Let’s cut to the chase here: I’m wildly biased about the recent My Story article, “Inclusion Take Center Stage” published in the recent Allergic Living Magazine Winter issue. My son Cyrus wrote this piece and I’m shamelessly proud. What leaves a lump in my throat is that he laid it all out and allowed himself to be honest. In that honesty, vunerablity is found. At the age of sixteen, I never could have stepped forward to speak up like Cyrus had in this article. As a parent, I had always thought that he just didn’t care very much about exclusion and that he was always just going with the flow as a team member. Boy, was I wrong. Over the last few months, I’ve watched him discover his voice in a life changing way. I always feared that he had to deal with the stigma of being “that allergic kid or the peanut boy”, etc. I tried to keep him away from being the local food allergy poster boy. What I just learned from Cyrus this last week is that, in fact, he is that allergic kid along with being that kid with the dry humor who likes to bake and ski. His allergies don’t define his personality, but they are part of who he is and speaking up is the honest thing to do! The stigmas are only going to last if we give them power and allow them to have meaning. Speaking up, saves lives and can make a difference. For years, my mantra have been, “be who you are”, embrace the good, the bad and the ugly-this is who you are.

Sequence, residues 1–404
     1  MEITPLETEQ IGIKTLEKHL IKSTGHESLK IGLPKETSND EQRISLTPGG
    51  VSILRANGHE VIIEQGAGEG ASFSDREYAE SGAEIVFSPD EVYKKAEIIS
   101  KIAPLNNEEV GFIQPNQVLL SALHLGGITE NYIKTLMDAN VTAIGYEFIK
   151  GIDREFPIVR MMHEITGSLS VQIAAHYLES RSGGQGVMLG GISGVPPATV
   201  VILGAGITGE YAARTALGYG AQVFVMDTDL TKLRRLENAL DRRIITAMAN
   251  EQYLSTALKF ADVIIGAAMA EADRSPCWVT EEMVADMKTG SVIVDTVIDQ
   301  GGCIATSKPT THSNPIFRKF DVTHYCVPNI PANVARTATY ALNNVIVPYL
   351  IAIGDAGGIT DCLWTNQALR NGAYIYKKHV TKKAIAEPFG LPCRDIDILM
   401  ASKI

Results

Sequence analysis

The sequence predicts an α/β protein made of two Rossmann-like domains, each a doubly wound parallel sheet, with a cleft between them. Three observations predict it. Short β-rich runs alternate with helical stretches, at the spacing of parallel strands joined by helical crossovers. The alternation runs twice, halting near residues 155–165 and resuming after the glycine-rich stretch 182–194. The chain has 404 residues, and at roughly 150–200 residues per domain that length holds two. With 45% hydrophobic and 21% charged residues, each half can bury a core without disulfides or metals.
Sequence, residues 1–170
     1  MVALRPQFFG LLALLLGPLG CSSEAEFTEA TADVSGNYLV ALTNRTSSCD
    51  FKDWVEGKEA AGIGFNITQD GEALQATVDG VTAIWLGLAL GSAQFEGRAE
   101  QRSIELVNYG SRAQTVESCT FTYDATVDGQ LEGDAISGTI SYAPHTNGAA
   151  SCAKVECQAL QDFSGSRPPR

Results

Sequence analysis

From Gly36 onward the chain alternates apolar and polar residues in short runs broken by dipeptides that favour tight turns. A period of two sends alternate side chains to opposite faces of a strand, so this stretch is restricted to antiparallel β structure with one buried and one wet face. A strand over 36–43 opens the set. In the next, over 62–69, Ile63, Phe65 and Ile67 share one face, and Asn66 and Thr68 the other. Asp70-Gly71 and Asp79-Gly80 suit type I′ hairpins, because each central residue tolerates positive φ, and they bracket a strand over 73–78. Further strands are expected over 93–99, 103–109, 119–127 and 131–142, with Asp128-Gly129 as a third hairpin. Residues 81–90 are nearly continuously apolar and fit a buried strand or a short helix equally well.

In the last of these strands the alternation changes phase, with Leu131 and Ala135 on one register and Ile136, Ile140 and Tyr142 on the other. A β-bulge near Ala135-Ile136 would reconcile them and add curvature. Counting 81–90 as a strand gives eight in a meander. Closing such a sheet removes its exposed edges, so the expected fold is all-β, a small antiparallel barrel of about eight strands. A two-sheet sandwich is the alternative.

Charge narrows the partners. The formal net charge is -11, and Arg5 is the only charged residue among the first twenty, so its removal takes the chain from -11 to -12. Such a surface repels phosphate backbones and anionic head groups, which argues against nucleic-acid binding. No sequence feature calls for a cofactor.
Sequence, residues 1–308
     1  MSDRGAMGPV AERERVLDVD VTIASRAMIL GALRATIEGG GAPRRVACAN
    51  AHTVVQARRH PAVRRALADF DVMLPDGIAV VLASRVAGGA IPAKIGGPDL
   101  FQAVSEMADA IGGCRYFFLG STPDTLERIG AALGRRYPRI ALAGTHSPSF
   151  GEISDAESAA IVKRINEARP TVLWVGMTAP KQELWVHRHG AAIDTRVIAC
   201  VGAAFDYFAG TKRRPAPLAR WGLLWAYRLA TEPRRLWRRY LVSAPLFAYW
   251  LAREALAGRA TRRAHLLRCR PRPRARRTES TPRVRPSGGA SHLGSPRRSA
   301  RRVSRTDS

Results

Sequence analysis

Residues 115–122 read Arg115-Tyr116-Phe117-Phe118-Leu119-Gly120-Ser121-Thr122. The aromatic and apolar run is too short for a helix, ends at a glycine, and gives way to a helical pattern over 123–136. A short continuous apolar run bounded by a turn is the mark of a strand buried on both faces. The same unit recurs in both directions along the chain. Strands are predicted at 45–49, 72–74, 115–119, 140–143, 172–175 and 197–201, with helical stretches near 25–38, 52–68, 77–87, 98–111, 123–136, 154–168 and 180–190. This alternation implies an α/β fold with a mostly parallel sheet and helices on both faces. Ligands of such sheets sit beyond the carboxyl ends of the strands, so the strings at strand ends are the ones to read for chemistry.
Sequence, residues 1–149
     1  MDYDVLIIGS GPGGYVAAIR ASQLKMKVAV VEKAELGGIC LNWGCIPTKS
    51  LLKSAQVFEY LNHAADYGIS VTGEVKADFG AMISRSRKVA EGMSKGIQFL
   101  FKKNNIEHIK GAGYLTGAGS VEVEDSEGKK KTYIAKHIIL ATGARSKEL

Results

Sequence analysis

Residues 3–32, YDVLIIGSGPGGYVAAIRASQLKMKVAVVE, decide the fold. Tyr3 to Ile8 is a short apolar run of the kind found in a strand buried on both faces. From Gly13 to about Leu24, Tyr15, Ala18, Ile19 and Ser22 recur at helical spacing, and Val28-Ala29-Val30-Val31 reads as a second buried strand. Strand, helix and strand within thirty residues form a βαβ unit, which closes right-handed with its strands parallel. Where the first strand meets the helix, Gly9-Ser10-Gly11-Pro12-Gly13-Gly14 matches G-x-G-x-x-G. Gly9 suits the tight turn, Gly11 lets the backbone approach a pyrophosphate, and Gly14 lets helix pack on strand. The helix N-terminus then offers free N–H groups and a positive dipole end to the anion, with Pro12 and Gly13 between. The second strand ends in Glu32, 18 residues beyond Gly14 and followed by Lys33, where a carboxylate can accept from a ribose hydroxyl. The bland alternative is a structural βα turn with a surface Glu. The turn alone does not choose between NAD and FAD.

He was listening. It’s important to note that by not speaking up, others won’t understand the impact of their actions. It’s almost unfair to these those around us. Often, they believe they are doing the right thing and if our children don’t speak up then resolution remains out of reach. Cyrus reminded me very much of Sloane Miller, food allergy coach, blogger and author of, “Allergic Girl, Adventures in Living Well with Food Allergies”, who is an adult living a vibrant life with food allergies in New York City. When I first heard her speak, I was in awe of her matter of fact, this-is-who-I-am attitude. She was so smooth about how she talks to friends and handles social/business situations that she made food allergies look normal. I had hoped and prayed immediately that my son would grow up to be like Sloane. She is such a powerful coach, that my local support group hosted a live Skype lecture with her as she spoke to both parents and teens about managing their allergies. I truly believe Cyrus was listening to Sloane that night and embraced her positive attitude. Thanks Sloane!!!
Challenge to us. If you read the article, please post if you are taking the challenge or have been doing it all along!
Thank you Allergic Living for providing teens in our community a place to share “their story” in your magazine. I also thank you for the wonderful article about Juliet Larsen and how as a teen model she speaks up and handles her food allergies while on and off the runway! These articles empower our youth to feel normal and to speak up and advocate for their health and well being.